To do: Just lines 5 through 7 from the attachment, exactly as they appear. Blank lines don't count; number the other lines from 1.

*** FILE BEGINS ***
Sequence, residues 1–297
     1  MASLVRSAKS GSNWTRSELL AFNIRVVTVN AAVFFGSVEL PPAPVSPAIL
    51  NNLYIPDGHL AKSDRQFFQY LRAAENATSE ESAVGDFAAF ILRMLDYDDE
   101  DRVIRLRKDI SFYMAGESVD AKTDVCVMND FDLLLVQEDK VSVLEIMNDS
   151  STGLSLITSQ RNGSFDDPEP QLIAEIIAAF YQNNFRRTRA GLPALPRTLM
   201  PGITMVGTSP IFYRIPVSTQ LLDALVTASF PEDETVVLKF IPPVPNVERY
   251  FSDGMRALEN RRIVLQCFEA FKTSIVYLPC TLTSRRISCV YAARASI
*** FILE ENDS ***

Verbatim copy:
   151  STGLSLITSQ RNGSFDDPEP QLIAEIIAAF YQNNFRRTRA GLPALPRTLM
   201  PGITMVGTSP IFYRIPVSTQ LLDALVTASF PEDETVVLKF IPPVPNVERY
   251  FSDGMRALEN RRIVLQCFEA FKTSIVYLPC TLTSRRISCV YAARASI